On my way back south, I called in to a couple of GBG pubs by Glasgow Central Station. One, the Toby Jug is an old favourite. I used to work for another pub in the same group when it was owned by Eadie Cairns, who then owned Auchentoshan Distillery and a few pubs too. Goodness knows who owns it now. Or the distillery for that matter. It has sold cask as long as I can remember, though there may have been gaps I don't know about. Three beers on offer - the ubiquitous Landlord and two from Arran Brewery, Dark and Fireside. The Dark was pleasant and inoffensive, while the Fireside, promising ginger within, delivered on the nose, but less in the taste. It was decent enough and I learned from a customer that Arran Brewery, which went bust and has been relaunched, is either relocating, or has relocated from the island to Glasgow. Another interesting feature of the pub was the price list that grouped draught beers into "CO2" beers, "mixed gas beers" and "lagers". An odd thing I thought.
A pub I haven't been in before and will think twice about before visiting again, is the Drum and Monkey in St Vincent St. It is a nice place, reminiscent of a Gentleman's Club, with three cask beers on. It is Cask Marque listed if you like to know that sort of thing. I dismissed Caley 80/- and Deuchars IPA out of hand, but the third wicket dispensed Morrisey Fox Blond, so I plumped for that. The unsmiling barmaid and I got off on the wrong foot straight away. Standing where I was, I noticed all three swan necks were devoid of sparkler, but a sparkler was sitting on a drip tray. "Aha" I surmised. "You have to ask for it." So I did. The Goth like barmaid demurred. "It will be fine without it" says she. "Maybe" says I "but it is my personal preference to have it sparkled, so please do so." She did so huffily and managed the whole of the rest of the transaction without speaking. I watched the scene. There were three young women running the bar. There was about ten customers, including three at the bar. The staff seemed pre-occupied by rearranging the furniture, talking amongst themselves and consulting sheets of information of some kind. Customers came a poor second. I was served by a different barmaid for my second pint. She seemed to be in charge and immediately got the sparkler and said "You prefer a sparkler. Right?" I agreed and tried to engage her in conversation about the beer. I was batted aside with a Jean Brodie like indifference and the lass retreated to her chums at the bottom end of the bar, where, like the witches of Macbeth, they huddled together. A ginger haired guy at the bar tried to chat to the apparent boss woman too, but got nowhere. He had no doubt observed my attempts, so we were united in our need for that touch of human contact that the lone drinker hopes for in a pub visit. Our eyes locked and we shrugged - beaten!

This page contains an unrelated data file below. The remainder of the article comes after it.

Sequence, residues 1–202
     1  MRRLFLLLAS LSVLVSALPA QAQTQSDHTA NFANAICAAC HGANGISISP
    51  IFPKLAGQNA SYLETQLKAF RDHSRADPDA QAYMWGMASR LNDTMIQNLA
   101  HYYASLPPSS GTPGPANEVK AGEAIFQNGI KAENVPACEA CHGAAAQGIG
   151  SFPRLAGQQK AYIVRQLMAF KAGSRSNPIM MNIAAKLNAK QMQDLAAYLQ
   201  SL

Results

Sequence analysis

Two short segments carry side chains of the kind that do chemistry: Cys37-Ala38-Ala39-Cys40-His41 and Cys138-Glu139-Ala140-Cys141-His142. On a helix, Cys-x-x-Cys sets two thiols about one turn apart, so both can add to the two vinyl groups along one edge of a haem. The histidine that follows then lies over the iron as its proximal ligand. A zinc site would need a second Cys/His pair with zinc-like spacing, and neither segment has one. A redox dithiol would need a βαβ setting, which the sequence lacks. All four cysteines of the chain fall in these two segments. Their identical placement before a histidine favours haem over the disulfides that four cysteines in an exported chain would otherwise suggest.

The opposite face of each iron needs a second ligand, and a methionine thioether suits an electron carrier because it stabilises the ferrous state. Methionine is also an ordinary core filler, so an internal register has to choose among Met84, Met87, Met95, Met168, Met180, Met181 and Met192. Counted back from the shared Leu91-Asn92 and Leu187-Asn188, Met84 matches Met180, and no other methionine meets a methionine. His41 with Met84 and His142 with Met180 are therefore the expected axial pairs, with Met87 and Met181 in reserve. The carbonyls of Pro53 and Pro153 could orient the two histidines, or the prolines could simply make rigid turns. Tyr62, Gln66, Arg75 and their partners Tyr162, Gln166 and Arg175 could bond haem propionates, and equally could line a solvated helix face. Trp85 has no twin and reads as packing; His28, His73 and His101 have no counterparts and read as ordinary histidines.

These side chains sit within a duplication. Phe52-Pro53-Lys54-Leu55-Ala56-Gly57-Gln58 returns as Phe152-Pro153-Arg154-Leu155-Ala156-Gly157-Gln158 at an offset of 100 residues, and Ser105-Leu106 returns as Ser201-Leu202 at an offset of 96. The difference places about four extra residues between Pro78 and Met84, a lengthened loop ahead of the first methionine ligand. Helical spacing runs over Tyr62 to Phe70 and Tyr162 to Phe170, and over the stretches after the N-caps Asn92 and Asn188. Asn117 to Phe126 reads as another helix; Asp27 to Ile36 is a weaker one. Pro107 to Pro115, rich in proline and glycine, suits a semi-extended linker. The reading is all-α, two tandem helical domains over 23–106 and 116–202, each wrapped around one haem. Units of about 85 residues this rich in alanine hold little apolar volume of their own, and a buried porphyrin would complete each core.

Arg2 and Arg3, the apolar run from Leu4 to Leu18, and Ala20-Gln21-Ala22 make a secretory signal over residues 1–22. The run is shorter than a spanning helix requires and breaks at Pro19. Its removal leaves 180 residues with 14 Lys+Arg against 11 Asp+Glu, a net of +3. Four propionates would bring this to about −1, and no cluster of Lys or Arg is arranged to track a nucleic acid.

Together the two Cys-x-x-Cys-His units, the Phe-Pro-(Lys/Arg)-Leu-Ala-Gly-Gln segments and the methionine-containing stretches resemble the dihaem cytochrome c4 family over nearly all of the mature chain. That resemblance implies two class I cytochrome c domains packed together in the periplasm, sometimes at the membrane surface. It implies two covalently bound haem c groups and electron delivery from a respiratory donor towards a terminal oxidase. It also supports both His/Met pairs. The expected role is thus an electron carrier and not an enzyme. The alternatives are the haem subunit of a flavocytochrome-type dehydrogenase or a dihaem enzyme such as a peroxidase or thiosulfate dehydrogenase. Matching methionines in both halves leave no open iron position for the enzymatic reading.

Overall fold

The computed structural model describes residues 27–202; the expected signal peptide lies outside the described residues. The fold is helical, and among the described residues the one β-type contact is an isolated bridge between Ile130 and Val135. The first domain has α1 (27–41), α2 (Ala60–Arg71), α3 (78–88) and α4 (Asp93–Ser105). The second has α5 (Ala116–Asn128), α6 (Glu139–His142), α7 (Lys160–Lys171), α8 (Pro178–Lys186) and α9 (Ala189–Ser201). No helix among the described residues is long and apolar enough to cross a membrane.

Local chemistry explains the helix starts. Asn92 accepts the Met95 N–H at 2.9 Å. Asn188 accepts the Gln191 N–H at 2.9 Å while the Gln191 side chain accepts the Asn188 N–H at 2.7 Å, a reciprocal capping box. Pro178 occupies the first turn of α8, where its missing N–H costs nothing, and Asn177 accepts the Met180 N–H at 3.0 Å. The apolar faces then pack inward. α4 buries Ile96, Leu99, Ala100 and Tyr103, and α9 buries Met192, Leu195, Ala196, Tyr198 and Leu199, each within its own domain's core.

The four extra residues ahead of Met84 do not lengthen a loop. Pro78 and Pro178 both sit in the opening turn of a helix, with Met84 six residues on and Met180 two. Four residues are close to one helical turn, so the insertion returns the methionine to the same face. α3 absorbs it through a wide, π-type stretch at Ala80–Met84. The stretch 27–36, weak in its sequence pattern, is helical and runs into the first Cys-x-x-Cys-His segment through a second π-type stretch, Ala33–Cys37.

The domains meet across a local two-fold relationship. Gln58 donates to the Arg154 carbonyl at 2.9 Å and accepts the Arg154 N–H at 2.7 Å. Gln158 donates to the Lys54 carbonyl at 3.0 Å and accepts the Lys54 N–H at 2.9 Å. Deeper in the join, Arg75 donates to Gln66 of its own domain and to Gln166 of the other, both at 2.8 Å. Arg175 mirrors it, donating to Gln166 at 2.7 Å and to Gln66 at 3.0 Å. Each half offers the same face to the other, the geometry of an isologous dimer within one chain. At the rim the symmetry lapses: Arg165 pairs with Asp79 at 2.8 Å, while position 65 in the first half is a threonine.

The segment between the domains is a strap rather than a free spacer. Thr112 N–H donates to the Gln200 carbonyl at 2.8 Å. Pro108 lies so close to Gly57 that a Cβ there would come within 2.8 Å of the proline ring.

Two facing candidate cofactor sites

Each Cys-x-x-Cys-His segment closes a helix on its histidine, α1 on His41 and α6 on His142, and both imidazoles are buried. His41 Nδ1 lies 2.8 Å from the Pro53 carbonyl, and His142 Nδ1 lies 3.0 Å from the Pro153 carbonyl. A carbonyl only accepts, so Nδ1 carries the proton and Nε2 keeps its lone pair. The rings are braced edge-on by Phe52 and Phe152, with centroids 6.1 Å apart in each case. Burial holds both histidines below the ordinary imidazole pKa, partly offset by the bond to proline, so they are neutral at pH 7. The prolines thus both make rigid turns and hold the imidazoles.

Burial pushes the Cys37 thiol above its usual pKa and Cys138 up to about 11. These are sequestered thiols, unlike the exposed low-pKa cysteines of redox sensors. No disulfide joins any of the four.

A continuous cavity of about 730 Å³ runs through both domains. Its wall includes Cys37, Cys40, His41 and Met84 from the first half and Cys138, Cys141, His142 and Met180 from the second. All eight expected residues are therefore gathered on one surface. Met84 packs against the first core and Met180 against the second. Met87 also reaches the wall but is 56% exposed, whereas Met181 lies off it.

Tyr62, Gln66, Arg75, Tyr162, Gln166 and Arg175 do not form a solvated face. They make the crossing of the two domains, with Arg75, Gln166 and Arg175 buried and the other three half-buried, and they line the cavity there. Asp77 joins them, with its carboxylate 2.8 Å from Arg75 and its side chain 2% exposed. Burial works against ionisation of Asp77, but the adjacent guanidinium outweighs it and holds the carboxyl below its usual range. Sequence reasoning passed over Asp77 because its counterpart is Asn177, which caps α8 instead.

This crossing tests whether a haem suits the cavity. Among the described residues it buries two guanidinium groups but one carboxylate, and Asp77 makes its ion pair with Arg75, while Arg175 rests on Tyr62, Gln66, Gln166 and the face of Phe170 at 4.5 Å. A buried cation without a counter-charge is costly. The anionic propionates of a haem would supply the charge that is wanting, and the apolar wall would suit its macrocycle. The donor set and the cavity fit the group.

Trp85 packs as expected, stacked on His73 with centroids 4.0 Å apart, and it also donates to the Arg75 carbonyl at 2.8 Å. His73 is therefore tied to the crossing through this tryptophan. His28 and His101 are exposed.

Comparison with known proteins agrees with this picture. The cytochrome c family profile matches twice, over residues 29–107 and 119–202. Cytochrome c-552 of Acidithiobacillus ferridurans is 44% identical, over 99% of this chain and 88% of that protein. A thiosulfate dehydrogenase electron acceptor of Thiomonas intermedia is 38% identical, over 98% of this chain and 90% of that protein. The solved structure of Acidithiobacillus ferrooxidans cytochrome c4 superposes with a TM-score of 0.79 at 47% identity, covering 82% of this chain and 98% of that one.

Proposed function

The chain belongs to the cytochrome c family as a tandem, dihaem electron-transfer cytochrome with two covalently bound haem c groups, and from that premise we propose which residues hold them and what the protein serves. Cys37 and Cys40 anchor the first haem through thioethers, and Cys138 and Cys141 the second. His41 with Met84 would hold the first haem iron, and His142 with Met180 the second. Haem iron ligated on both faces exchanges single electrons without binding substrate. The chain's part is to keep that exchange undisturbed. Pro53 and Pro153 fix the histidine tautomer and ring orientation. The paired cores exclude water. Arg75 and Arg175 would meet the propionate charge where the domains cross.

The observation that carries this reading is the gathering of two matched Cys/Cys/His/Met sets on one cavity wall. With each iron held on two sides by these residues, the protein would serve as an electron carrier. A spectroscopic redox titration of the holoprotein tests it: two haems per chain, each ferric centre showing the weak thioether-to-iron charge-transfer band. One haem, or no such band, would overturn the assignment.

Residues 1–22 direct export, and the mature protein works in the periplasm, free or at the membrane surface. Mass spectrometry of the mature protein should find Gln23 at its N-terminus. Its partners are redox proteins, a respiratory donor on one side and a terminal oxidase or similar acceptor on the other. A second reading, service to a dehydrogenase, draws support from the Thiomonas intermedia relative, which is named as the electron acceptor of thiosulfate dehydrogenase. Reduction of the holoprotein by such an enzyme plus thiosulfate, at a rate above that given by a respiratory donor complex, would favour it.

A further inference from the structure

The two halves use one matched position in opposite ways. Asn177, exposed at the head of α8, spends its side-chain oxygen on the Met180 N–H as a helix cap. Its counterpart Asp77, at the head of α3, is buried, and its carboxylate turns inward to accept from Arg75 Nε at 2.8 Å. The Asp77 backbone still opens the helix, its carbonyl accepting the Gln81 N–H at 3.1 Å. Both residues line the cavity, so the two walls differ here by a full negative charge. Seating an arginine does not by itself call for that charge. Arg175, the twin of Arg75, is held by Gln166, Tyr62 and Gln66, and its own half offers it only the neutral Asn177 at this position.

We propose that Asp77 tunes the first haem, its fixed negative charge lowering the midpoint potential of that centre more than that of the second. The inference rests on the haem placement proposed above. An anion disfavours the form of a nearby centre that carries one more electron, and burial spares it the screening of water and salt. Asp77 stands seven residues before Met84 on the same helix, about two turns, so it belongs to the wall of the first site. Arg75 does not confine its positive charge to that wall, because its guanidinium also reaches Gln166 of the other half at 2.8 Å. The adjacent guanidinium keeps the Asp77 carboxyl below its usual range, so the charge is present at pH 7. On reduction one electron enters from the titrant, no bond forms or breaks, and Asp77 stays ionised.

You read about pubs being in difficulty and it is annoying to find a decent looking boozer run so coldly in such bad economic times. I have to say it is most unusual in Glasgow, where the welcome is usually warm. So who owns this place? Well, oddly it is Nicolsons, who mainly run pubs in London. I didn't know they had any elsewhere. Their web site says"The fundamentals of success for Nicholson’s remain constant; providing timeless hospitality to customers".Not in the Drum and Monkey on my visit they didn't!Anyway what about the Morrisey Fox? God knows where this version was brewed, but it was very good indeed, with a good balance of malt and hop, though perhaps a tad too sweet. I'd drink it again happily, but in a cheerier pub please!
As a footnote, on the way home I called in with Graham to the Angel in Manchester. I have mentioned the wonderful welcome and service here before. There were only two lasses running that pub, but they couldn't have been more warm and welcoming. It seemed to come naturally to them. Maybe that's the secret?
The second photo shows the ice covered lager founts in the Drum and Monkey. Never seen ice that thick on a beer fount before!
A bit of a CV. Tandleman is a veteran beer lover, local CAMRA Chairman and activist, beer writer, beer reviewer and pursuer of all things good in beer. He lives in the North West of England and London. Despite his CAMRA membership, he does not limit himself to cask conditioned beer, though he believes that cask conditioning, when done correctly and appropriately, brings a quality to beer that is hard to equal by any other kind of presentation. He is a strong supporter of Northern methods of beer dispense and avidly detests poorly presented beer and dislikes pasteurisation. He regularly visits Germany, has conducted corporate British and German beer tastings for CAMRA at the Great British Beer Festival where he has worked for years on Biere Sans Frontieres and was Deputy Organiser at CAMRA's very successful National Winter Ales Festival in 2009, 2010, 2011 and 2012 and at the Manchester Beer and Cider Festival from 2013 to date. He admires good brewers wherever they are and has travelled extensively in pursuit of good beer to drink. He also judges beer at both the International Beer Challenge and the World Beer Awards.
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